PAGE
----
A Kurdish chemistry teacher testifying at Saddam Hussein's genocide trial Monday tearfully described seeing more than 40 people dead from an alleged chemical attack in 1988, including his mother and two daughters.

"My wife was lying on her back, holding my two daughters — Shovan, 6 months, and Tabga, 4 years — tight in her arms," said Abdulla Qadir Abdulla.

"My daughters died in the gassing, but my wife was still alive," Abdulla added. He said his wife survived because he gave her an antidote to which he had access.

Abdulla, 58, then turned to chief judge Mohammed Oreibi al-Khalifa.

"Your honor, you can imagine my condition when I saw my family members in this state and I'm alone in the darkness," he said. "I saw more than 40 people, most of them were women and children, lying on the ground suffering from chemical injuries."

Abdulla, who said he also was a former Kurdish guerrilla fighter, wept when he described finding the body of his mother.

"I saw a woman lying on her face near a stream and when I turned her over, I discovered she was my mother," Abdulla said. "I wanted to kiss her, but I knew I could be infected by the chemicals, so I stopped."

"I was deprived from giving her a goodbye kiss," he said, weeping.

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He said that besides his mother and two daughters, 19 other relatives were either killed or disappeared following the assault.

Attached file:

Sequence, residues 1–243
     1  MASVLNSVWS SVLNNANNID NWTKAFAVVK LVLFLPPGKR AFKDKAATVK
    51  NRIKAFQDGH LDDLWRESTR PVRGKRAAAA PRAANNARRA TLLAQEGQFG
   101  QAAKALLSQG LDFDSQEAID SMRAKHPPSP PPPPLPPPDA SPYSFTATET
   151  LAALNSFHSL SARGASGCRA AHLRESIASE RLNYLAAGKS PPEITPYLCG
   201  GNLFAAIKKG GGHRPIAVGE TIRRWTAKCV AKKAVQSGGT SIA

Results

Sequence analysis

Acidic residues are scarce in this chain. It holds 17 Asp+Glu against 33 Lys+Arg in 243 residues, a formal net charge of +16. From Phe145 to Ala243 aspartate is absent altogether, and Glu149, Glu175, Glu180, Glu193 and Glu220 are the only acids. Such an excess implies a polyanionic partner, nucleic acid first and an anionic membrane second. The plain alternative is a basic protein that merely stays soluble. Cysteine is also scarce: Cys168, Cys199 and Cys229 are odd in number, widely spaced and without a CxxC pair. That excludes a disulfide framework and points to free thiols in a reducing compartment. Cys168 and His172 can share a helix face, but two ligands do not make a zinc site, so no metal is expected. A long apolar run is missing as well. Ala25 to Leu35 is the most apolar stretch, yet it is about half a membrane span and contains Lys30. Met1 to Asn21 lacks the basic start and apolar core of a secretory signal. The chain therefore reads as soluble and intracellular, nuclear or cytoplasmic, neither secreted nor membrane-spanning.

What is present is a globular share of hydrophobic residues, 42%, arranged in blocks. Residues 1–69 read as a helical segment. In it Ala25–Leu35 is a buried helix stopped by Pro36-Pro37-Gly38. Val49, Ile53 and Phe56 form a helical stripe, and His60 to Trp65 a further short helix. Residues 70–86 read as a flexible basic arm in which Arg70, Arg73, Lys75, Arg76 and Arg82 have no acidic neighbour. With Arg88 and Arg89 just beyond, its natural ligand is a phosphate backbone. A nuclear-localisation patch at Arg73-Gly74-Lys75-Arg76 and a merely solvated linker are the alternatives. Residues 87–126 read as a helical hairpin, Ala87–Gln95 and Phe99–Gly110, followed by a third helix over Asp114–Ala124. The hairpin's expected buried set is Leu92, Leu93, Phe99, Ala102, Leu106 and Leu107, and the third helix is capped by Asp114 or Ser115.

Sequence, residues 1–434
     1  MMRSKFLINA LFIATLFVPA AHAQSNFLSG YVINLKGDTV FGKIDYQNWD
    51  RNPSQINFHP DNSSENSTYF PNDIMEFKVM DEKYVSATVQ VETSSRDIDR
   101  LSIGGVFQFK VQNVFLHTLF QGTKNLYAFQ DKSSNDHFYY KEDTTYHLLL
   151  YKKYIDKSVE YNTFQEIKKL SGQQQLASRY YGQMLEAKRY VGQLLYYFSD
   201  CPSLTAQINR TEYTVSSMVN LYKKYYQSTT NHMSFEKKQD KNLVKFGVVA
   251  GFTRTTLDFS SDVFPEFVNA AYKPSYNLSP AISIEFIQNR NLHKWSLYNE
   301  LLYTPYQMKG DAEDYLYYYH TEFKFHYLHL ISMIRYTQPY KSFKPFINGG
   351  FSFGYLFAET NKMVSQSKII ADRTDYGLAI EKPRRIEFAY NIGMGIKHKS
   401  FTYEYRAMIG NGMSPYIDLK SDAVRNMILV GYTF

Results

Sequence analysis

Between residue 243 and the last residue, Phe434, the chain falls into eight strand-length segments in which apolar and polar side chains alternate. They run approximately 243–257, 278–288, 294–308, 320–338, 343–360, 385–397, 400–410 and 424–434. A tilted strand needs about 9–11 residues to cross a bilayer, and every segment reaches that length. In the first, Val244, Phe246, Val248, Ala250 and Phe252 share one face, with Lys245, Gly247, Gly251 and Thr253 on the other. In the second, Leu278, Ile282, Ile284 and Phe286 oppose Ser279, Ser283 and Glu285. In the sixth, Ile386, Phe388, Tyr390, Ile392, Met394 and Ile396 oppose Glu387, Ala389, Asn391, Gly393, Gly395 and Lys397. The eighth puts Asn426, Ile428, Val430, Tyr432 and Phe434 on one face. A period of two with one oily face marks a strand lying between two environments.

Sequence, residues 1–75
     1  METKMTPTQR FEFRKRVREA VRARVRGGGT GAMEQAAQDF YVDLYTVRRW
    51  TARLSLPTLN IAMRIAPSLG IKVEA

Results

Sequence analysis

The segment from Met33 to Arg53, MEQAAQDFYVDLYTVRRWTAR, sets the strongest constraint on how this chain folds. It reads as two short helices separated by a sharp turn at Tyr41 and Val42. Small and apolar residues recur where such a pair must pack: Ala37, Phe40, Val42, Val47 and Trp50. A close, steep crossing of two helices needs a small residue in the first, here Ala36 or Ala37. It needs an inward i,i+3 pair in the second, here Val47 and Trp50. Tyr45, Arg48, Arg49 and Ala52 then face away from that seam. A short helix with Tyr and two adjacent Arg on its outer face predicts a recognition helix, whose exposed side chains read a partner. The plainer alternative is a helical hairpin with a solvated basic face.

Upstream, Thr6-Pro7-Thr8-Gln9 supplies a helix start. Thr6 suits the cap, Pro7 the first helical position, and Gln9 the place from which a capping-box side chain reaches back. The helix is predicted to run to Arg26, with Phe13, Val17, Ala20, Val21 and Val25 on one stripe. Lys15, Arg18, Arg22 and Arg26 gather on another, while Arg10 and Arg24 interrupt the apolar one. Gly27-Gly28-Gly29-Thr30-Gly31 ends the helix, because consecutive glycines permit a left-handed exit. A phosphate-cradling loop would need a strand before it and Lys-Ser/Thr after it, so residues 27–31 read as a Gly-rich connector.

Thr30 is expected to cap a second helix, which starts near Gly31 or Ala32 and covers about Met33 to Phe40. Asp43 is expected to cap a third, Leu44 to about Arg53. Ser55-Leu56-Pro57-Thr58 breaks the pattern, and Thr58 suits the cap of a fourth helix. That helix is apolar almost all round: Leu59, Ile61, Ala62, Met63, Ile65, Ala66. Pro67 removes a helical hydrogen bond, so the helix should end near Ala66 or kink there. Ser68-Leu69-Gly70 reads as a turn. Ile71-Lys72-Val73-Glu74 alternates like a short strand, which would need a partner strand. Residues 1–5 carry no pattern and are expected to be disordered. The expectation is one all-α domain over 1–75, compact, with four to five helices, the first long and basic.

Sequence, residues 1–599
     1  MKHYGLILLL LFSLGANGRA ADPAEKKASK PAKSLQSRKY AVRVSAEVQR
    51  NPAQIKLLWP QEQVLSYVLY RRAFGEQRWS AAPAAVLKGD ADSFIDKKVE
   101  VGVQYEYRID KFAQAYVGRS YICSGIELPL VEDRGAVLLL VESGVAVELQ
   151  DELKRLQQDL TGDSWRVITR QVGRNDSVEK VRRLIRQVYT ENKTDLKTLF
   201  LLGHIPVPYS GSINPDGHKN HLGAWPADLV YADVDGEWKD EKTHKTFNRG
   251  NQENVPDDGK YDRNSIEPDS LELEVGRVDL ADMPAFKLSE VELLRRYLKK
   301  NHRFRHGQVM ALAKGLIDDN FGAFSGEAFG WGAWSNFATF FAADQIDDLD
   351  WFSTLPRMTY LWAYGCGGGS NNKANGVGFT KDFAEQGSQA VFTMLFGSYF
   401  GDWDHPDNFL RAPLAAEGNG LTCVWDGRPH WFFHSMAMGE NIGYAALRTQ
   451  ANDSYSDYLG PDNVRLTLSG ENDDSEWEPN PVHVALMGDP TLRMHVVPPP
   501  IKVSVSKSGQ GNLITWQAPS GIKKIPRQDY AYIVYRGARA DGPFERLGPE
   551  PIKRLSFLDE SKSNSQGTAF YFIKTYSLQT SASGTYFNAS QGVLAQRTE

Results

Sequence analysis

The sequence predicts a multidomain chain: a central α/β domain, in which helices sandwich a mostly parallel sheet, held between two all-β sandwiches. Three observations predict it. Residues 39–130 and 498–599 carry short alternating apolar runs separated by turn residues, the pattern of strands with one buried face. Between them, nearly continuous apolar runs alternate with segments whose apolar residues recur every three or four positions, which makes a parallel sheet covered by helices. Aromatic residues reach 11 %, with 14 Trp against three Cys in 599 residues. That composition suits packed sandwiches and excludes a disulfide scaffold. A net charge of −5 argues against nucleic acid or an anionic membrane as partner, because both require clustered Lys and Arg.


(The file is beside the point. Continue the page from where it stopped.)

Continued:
Abdulla spoke at the resumption of Saddam's genocide trial, four days after an American forensic expert testified that an examination of hundreds of Kurdish remains found in mass graves showed they were gunned down and buried where they fell almost two decades ago.

Saddam and his six co-defendants sat quietly in the courtroom. They face the possibility of execution if convicted for a 1987-88 military offensive against the Kurds of northern Iraq.

On Nov. 5, another court convicted him in the deaths of about 150 Shiite Muslims following an assassination attempt against him in the town of Dujail in 1982. Saddam and two others were sentenced to death by hanging. Four co-defendants received lesser sentences and one was acquitted.

Michael Trimble, a forensic archaeologist with the U.S. Army Corps of Engineers, described several of the recovered bodies when he testified Thursday during the third consecutive day of testimony by U.S. forensic experts.

The prosecution estimates that 180,000 Kurds were killed in the military offensive, code-named Operation Anfal, in which Saddam's army allegedly destroyed hundreds of villages and killed or scattered their inhabitants in a scorched earth campaign against separatist guerrillas.

Trimble investigated the three mass graves in 2004 on behalf of the Iraqi tribunal prosecuting Saddam and members of his regime.

Al-Khalifa, the chief judge, approved a prosecution request Monday to wrap up hearing testimony from state witnesses during the session.

Prosecutor Munqith al-Faroon asked the court to speed up the hearing, saying "the trial should be fair and fast."

Court officials said previously "thousands" of witnesses and documents were to be processed. So far, the court has heard at least 70.

The trial abruptly adjourned until Wednesday after hearing Abdulla.

Court officials said another prosecution witness was to take the stand Monday, but the hearing adjourned after a short recess and it wasn't immediately clear why the second witness did not testify.

The next hearing will be dedicated to reviewing prosecution documents, according to court officials who spoke on condition of anonymity because they are not allowed to speak to the press.